Hi all - I found this site this morning and would like to respond regarding prolotherapy. Prolotherapy has helped my TMJ tremendously, along with neck and shoulder pain and nerve pain shooting down my arm associated with the TMJ, and other things we all know are associated with this. There are lots of good prolotherapists out there but you must be careful and really look into what they are doing - some are better than others. You definitely don't want someone who only does occasional prolotherapy. There are really good websites out there explaining this procedure. My TMJ is part of my fibromyalgia diagnoses and so I'm also integrating natural hormone therapy and serious change of diet to reduce pain all over. I'm currently trying to find ways to reduce anxiety that will help me relax my jaw - and I'm learning how to treat my own trigger point via massage when the anxiety can't be helped. Prolotherapy is done via injection, which are nothing compared to the day-to-day pain that comes with TMJ.
I just have the one side done, it's 2 injections in the TMJ, and sometimes I'll get 2 trigger points done under the jaw area - these shots aren't painful from a skilled prolotherapist. You have somewhat limited opening for a day or two but it's not bad. I've had prolo in many areas of my body due to the fibromyalgia - some areas are rough to get through (feet), but the jaw isn't one of them.
Sorry cvella - I forgot to answer one of your questions. I felt relief after the first series. Each one will "build" on the previous one. Depending on the health of the person and how far advanced the TMJ problem is, it can vary. My first time the shots lasted a little over a week, then a few weeks, and my last series was late December. I had not had the bad headaches since then but still get side jaw pain which has lessened. Hope this helps.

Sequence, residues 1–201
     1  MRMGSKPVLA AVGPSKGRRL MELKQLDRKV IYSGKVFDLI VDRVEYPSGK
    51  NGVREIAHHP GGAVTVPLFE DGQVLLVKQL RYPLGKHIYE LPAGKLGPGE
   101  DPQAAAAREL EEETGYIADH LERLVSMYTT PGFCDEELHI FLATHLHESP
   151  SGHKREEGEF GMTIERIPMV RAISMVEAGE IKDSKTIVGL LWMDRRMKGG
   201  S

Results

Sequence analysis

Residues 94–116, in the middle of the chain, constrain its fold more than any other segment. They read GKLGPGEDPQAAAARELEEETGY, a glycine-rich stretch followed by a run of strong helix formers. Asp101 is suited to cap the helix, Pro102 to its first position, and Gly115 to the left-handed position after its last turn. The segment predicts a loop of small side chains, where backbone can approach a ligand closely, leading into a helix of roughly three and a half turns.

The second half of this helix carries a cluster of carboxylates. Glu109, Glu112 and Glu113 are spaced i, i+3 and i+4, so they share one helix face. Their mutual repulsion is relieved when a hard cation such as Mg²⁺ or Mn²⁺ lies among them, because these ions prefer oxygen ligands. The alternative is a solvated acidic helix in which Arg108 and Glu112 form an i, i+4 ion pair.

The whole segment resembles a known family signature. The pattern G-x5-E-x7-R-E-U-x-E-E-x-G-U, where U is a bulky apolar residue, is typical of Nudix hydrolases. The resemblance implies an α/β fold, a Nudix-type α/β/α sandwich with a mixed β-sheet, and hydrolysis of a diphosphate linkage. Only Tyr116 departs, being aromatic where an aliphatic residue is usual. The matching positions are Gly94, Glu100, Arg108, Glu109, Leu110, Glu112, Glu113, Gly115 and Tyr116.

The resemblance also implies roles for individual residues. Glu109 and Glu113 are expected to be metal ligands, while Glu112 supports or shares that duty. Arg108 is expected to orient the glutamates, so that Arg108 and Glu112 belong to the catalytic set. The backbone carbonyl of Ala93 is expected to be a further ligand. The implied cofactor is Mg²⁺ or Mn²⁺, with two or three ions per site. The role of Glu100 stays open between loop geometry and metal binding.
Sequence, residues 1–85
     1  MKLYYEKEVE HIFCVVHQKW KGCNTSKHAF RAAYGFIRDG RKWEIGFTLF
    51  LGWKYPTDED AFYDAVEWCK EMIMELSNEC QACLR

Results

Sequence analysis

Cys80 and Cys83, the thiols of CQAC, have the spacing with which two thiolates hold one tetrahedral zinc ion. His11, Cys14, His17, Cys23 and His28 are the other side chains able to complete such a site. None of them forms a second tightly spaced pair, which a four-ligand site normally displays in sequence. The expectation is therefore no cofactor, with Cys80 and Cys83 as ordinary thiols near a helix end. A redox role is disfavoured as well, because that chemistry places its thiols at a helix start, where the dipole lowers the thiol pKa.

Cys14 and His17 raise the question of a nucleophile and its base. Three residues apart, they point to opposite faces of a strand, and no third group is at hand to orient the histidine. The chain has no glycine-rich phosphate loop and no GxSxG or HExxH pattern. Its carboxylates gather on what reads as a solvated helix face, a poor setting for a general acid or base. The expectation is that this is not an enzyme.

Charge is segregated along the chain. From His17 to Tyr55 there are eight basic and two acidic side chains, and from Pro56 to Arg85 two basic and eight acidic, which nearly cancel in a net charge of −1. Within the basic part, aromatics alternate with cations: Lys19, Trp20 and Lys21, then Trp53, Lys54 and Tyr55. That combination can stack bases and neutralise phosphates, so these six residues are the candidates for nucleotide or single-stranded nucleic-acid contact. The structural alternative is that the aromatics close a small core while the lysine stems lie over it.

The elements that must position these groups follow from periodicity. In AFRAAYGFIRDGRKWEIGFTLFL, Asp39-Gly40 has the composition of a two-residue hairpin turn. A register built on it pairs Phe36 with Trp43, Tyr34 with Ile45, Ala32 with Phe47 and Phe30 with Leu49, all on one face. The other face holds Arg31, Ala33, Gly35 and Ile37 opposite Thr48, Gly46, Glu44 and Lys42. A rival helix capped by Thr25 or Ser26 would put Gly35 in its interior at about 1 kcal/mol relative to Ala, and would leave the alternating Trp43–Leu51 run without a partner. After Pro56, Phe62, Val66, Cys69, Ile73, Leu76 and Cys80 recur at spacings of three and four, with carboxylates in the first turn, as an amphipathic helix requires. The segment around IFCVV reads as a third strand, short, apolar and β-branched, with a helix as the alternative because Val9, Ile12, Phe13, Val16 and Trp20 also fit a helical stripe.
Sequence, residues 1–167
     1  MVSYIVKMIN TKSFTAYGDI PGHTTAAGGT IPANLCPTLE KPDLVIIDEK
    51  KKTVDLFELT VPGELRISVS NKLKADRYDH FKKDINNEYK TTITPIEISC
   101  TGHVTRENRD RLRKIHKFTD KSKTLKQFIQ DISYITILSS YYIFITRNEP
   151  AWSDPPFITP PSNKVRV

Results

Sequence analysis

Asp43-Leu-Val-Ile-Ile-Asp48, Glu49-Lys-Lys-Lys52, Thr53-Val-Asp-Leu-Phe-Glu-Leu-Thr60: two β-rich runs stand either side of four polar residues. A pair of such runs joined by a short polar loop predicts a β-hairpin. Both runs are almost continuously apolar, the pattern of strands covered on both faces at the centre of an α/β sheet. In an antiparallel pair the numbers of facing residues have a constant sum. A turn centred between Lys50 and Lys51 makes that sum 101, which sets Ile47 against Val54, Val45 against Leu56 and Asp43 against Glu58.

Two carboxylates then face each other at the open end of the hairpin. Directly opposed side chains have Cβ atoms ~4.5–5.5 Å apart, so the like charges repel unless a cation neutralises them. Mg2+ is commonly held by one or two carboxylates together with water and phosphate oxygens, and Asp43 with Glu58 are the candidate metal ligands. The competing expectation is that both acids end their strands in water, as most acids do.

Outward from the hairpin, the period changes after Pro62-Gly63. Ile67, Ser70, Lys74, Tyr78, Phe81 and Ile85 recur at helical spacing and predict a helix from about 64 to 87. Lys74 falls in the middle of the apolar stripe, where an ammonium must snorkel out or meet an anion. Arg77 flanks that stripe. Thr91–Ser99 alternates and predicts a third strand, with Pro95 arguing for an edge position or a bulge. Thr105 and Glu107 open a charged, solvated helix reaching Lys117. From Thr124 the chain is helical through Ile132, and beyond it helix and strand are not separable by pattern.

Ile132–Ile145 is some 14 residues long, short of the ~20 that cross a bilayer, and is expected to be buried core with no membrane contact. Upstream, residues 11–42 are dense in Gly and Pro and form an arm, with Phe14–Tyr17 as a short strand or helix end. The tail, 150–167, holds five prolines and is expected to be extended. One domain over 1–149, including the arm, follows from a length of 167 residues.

For anyone interested in finding out more about prolotherapy, a good place to start is at [url="http://www.getprolo.com"]www.getprolo.com[/url] - it's a free listing of prolotherapists around the country - I'm not promoting the advertisement of anyone in particular, just trying to give you some information. Please be sure you have an experienced physician do this treatment.
CathyK Thanks for your input. It sounds promising, even though my TMJ is severe, I haven't had any surgeries, and any relief would be good. I also found my Dr. on getprolo.com. He has treated many (didn't give me specific numbers because they were so numerous)TMJ patients, and has also taught the treatment to various Drs. & dentists. So I think I can count on him. I'll keep you all posted.
[This message has been edited by bjo (edited 02-13-2003).]
bjo - There is hope out there. My TMJ is also in a chronic state and most of the disc has deteriorated per the MRI. I get prolo and neural therapy (both injections go into the TMJ, ligaments and trigger points) and I would not be as well as I am without them. As we all know, it's a slow process to heal but I am here to tell you that relief can be found. I am still dealing with the pain in the sides of the jaw, but moving forward. Please make sure anyone you see who is doing injections knows what they're doing and does them on a very regular basis.